Julia Ratcliffe, Princeton- First Place Women’s Hammer Throw

On how it feels to win a National Championship…

“It’s huge. I’m just so thankful for all the people who have helped me out to get here like my coach, my dad, my family, and the whole Princeton team. But also I’m just really proud of myself because last year I kind of bombed out, so to come back and win it just feels so good.”

On joining other Princeton women leaders…

 “It’s just an honor. It feels so good to be able to give back to Princeton because I have had so many people give to me and help me out.

“I definitely didn’t expect to win it. I knew coming into it that I had a good shot, but I had to stay calm, controlled, and have fun.”

Laura Roesler, Oregon - Advances to Women’s 800 Meter Final - 2:02.60

On the semifinal race...

“I knew it was going to go fast. A couple people in that heat like to really make it an honest race. I was just preparing myself not to panic and not worry about the first lap.”

“I knew coming off the home stretch, looking at the screen, me and Stanford were clear of everyone so there was no reason to really go to the well today.”

On her nerves before the race…

“I got told before the race, ‘just run your own race’ and whenever I do that it works out in my favor.”

Mike Berry, Oregon – Advances to Men’s 400 Meter Final – 45.41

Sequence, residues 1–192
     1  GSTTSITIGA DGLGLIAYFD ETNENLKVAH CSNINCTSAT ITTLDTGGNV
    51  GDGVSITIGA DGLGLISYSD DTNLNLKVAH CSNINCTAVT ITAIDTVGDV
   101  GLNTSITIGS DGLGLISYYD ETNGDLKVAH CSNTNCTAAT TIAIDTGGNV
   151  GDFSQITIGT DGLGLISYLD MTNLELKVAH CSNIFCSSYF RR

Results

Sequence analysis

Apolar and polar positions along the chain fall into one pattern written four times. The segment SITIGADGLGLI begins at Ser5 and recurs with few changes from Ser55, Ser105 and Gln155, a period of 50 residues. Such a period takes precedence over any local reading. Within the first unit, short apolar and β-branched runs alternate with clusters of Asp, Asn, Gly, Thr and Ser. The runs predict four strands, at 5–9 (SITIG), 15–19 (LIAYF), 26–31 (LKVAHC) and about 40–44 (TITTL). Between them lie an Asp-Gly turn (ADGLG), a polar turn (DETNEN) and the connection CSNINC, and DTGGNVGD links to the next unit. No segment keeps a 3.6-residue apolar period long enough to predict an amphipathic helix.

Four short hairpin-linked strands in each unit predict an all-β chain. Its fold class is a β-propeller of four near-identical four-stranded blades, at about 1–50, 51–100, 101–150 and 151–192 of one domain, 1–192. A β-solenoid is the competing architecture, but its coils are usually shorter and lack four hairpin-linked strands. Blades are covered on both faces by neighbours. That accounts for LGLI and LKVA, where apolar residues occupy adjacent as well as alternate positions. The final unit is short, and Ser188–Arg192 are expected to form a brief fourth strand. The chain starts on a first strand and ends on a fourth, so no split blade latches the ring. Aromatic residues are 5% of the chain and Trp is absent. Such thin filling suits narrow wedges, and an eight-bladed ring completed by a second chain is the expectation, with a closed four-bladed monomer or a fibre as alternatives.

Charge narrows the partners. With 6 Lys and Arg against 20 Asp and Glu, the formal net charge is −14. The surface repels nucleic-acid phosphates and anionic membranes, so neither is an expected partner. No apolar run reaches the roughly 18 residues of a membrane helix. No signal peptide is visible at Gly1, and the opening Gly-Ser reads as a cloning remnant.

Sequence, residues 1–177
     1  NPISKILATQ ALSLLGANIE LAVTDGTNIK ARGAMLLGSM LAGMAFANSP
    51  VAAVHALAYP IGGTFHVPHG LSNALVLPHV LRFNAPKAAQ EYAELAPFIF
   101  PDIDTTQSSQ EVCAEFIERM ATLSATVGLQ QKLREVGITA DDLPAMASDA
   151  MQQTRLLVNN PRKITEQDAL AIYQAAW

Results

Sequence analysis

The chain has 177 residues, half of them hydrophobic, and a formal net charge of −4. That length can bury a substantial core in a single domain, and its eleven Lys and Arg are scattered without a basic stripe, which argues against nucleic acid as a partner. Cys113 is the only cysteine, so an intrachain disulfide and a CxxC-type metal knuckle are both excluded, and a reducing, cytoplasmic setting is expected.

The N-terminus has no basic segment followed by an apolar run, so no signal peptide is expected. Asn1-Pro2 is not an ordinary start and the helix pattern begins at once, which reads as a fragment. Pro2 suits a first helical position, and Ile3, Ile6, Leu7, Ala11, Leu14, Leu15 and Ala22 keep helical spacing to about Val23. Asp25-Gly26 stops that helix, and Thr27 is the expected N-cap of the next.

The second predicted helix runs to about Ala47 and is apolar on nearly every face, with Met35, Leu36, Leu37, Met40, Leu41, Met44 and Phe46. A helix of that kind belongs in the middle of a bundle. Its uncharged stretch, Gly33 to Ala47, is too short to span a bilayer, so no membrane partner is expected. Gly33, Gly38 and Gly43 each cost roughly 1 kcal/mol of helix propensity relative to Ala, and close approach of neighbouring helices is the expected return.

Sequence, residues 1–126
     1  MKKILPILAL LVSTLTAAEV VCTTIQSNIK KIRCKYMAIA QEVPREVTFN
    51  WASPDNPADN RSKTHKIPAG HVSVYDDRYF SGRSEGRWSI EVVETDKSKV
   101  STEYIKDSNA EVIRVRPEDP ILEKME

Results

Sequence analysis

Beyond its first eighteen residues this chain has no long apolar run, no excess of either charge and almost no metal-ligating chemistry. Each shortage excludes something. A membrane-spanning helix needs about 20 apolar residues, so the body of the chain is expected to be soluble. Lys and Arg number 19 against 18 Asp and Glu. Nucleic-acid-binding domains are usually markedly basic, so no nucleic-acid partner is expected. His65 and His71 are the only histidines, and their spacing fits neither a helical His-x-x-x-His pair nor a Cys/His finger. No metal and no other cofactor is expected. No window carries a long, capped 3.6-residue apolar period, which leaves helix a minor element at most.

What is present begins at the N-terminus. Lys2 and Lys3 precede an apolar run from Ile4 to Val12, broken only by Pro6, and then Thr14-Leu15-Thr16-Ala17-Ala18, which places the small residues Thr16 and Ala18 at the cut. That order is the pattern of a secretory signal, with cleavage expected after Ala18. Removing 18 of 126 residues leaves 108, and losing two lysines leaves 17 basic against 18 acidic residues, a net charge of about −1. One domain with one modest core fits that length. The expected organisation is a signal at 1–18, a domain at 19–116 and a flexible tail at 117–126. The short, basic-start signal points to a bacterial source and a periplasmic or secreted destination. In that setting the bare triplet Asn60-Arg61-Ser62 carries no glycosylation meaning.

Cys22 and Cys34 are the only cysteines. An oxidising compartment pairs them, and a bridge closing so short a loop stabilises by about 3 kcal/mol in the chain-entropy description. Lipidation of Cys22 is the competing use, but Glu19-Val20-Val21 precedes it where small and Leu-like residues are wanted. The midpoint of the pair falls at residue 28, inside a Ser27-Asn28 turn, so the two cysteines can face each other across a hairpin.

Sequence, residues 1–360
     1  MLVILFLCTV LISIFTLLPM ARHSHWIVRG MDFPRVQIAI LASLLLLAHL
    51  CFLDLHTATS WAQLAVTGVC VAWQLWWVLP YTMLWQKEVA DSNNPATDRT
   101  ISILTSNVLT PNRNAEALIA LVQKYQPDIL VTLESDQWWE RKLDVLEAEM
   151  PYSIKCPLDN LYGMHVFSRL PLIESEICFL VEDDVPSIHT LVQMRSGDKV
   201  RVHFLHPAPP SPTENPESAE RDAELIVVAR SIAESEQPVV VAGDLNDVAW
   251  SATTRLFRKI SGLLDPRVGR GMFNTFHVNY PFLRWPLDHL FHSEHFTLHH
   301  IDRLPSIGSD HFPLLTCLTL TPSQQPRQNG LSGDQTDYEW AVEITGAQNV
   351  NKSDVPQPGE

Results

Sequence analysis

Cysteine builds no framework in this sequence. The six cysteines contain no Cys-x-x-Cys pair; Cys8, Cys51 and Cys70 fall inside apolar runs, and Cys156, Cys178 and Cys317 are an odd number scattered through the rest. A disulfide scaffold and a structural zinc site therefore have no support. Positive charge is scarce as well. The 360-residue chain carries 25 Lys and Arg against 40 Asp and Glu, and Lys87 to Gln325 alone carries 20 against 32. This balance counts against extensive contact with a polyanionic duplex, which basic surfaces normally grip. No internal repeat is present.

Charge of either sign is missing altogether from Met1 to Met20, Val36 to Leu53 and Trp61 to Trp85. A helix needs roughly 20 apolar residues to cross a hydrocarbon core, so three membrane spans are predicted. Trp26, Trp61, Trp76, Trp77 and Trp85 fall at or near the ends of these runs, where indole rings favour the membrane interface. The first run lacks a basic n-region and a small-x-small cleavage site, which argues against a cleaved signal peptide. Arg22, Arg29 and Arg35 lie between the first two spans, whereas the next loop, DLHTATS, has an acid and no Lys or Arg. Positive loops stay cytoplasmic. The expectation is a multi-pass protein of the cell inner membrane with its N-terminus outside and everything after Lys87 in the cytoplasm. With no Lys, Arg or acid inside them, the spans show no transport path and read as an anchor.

On his mindset going into the race…

“Win the day, that’s the slogan here at Oregon and I just took it one day at a time and advanced to tomorrow.”

On if there was added pressure on him to advance after last year…

“Definitely. I wanted to use last year as a learning experience for myself and not take the race for granted. I just wanted to come out here and compete and win the heat.”

On how he felt he ran…

“I felt like I ran pretty well today. I got out hard and cruised in the backstretch, held it on and kept working my legs the last 80 like the way my coach and I were practicing.”

Phyllis Francis, Oregon – Advances to Women’s 400 Meter Final - 51.69

On Texas passing her at the finish…

“Coach just wanted me to qualify, but she got me by the line. I didn’t see her so next time that won't happen.”

On the injuries that Oregon has faced late this season…

“We always say strength in numbers. There is always someone who is there to pick up the slack. We are team oriented. I think we are doing a great job. We all feel bad that our fellow teammates can’t compete because they worked so hard to be here, but we are going to perform for them.”

Mitch Modin, Oregon- Eighth Place in Decathlon After Day One

On his overall performance…

“Long jump was surprising. After two fouls, I came back and popped a big one. It took a good day at my home track and a national meet to do it. I started off the day well, then things started rolling going into the high jump and 400.”

On the long jump event…

“Honestly, I was a little nervous because I’m a freshman, it’s a big meet and I had already fouled. I knew I had to get one. I don’t even think I hit the board on my third one [jump], and I still popped a big PR. I was happy with it and can’t complain.”